foreach($data->resultset_web->result as $r){
  echo "<h3><a href=\"{$r->clickurl}\">{$r->title}</a></h3>";
  echo "<p>{$r->abstract} <span>({$r->url})</span></p>";

You can also do that for APIs that need POST or other authentication. Say for example to use Placemaker to find locations in a text:

$content = 'Hey, I live in London, England and on Monday '.
           'I fly to Nuremberg via Zurich,Switzerland (sadly enough).';
$key = 'C8meDB7V34EYPVngbIRigCC5caaIMO2scfS2t'.
$ch = curl_init(); 
define('POSTURL',  '');
define('POSTVARS', 'appid='.$key.'&documentContent='.
$ch = curl_init(POSTURL);
curl_setopt($ch, CURLOPT_POST, 1);
curl_setopt($ch, CURLOPT_RETURNTRANSFER, 1);  
$x = curl_exec($ch);
$places = simplexml_load_string($x, 'SimpleXMLElement',
echo "<p>$content</p>";
echo "<ul>";
foreach($places->document->placeDetails as $p){
  $now = $p->place;
  echo "<li>{$now->name}, {$now->type} ";
  echo "({$now->centroid->latitude},{$now->centroid->longitude})</li>";
echo "</ul>";

Why is all that necessary? I can do that with jQuery and Ajax!

Yes, you can, but can your users? Also, can you afford to have a page that is not indexed by search engines? Can you be sure that none of the other JavaScript on the page will not cause an error and all of your functionality is gone?

By sticking to your server to do the hard work, you can rely on things working, if you use web resources in JavaScript you are first of all hoping that the user’s computer and browser understands what you want and you also open yourself to all kind of dangerous injections. JavaScript is not secure – every script executed in your page has the same right. If you load third party content with JavaScript and you don’t filter it very cleverly the maintainers of the third party code can inject malicious code that will allow them to steal information from your server and log in as your users or as you.

And why the C64 thing?

Well, the lads behind cURL actually used to do demos on C64 (as did I). Just look at the difference:

horizon 1990 2000

Using YQL to load and convert RSS feeds really, really fast.

Tuesday, December 8th, 2009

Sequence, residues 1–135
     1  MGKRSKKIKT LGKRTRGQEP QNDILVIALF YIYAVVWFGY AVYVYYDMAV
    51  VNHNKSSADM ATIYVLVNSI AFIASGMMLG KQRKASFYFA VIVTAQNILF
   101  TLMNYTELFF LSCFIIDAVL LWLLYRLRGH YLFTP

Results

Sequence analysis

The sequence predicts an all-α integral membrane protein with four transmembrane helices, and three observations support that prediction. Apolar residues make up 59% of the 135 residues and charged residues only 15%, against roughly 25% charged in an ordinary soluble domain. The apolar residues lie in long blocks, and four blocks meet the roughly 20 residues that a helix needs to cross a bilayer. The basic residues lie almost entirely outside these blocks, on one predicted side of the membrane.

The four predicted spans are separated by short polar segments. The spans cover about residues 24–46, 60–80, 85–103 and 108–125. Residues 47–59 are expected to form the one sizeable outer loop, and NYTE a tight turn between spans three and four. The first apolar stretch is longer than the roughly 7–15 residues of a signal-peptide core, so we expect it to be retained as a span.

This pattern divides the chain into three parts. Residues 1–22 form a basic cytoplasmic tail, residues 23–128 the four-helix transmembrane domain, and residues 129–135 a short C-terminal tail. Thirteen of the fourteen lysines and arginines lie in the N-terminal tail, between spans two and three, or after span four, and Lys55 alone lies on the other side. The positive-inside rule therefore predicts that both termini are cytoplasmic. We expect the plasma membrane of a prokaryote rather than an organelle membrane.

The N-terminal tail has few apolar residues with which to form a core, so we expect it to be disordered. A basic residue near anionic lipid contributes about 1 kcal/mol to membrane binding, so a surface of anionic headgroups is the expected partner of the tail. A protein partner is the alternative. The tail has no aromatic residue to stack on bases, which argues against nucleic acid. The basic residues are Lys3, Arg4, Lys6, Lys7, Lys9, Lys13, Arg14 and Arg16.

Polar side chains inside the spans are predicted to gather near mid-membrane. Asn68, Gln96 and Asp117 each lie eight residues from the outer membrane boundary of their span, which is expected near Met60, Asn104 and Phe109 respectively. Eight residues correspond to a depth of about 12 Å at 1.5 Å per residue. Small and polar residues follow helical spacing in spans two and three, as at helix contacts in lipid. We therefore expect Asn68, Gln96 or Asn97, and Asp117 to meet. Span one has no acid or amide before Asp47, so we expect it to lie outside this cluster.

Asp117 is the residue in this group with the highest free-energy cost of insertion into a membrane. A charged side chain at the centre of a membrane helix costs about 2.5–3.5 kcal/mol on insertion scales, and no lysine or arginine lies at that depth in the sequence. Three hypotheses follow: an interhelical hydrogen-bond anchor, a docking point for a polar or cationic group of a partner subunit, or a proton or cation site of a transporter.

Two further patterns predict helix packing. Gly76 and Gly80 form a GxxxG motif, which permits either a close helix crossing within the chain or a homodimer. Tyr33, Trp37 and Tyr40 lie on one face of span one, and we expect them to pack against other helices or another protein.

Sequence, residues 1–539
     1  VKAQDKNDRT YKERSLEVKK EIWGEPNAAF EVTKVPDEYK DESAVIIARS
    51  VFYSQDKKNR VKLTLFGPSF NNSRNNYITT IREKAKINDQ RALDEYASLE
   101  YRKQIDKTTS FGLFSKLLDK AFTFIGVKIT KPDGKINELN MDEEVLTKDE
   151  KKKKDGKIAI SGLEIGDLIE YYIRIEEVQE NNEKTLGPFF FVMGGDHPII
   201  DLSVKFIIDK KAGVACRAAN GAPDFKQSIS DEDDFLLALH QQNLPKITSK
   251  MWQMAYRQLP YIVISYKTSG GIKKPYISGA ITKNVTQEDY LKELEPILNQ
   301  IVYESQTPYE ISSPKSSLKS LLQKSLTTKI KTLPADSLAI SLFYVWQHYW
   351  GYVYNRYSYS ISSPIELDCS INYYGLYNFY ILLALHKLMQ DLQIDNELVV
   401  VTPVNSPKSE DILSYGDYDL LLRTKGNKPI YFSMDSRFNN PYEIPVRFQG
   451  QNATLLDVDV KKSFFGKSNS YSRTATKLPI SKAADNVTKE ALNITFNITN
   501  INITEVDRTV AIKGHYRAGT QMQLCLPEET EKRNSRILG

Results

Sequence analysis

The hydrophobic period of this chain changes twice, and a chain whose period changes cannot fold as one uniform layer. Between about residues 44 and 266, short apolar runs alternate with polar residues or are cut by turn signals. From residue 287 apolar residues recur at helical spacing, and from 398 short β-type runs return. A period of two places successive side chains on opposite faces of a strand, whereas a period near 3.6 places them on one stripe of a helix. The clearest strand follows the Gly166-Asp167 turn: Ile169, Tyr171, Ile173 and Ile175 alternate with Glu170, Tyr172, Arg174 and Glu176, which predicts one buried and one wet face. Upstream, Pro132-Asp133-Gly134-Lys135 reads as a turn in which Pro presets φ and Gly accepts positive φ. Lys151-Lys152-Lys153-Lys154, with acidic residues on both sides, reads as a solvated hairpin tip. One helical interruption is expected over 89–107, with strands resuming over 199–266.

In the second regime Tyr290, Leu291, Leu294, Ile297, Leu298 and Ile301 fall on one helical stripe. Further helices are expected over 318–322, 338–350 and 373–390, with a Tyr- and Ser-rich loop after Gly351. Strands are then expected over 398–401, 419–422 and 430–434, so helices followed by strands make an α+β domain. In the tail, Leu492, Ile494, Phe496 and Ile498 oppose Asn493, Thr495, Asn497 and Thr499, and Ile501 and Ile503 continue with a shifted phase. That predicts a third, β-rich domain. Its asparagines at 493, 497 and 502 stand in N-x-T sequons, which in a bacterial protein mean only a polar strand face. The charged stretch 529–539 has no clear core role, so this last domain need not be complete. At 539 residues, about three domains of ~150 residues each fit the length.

My esteemed colleague Stoyan Stefanov is currently running an advent calendar (blog post a day) on performance. Today I have a guest slot on his blog showing how you can use YQL to retrieve five RSS feeds much faster than with any other technology.

Retrieving five RSS feeds speed comparison.

As stated at the end of the article, you could use a YQL open table with embedded JavaScript to move all of the hard conversion work to the YQL server, too.

This table does exactly that. The speed of the retrieval slows down a bit with this (as YQL needs to do another request to pull the table definition):

Retrieving five RSS feeds and converting it on the server with YQL execute by  you.

However, using this table to retrieve multiple feeds as HTML is dead easy:

$data = array(
$url =’’;
$query = “use ‘’ as m;select * from m where feeds=”’”.implode(“’,’”,$data).”’” and html=’true’ and compact=’true’”;
$ch = curl_init();
curl_setopt($ch, CURLOPT_URL, $url);
curl_setopt($ch, CURLOPT_RETURNTRANSFER, 1);
$content = curl_exec($ch);
$content = preg_replace(‘/.*
$content = preg_replace(‘/div>.*/’,’div>‘,$content);
echo $content;

To use the open table you simply need to give it the list of RSS feeds as the feeds parameter:

use ‘’ as m;
select * from m where feeds=”
” and html=’true’ and compact=’true’

Try it out in the YQL console.

The html parameter defines if you want to get HTML back from the table. Take it out to get a list of feeds instead.

See the results as HTML (with an HTML parameter) or as feeds (without the HTML parameter).

The compact parameter defines if you want to get descriptions back for each entry or not.

See the results as HTML (without descriptions) or as HTML with descriptions.

By using the JSON-P-X output format (xml with callback) you could easily use this in JavaScript:

If you want to compare yourself, get the source code of all the examples from GitHub.

TTMMHTM: Guardian getting enabled by design,interview,open hack day,bash magic,and XSS filters

Wednesday, March 18th, 2009

Things that made me happy this morning:

Geekmeet Stockholm – Performance and Play

Friday, December 5th, 2008

I am just getting ready for my second day in Stockholm, Sweden to go to the bwin offices and talk about professional web development and the change of JavaScript. The professional thing is going to be interesting as I am still feeling the beers of the GeekMeet yesterday night.

Geekmeet SwedenGeekmeet Sweden

Talking of GeekMeet, except for the interesting choice of advertising keywords showing up when you look for it, it was a roaring success and if I had a hat it’d be off to the organizers at Creuna and Robert Nyman for pulling this out of their hats (ok, you killed that metaphor, now let it die in peace).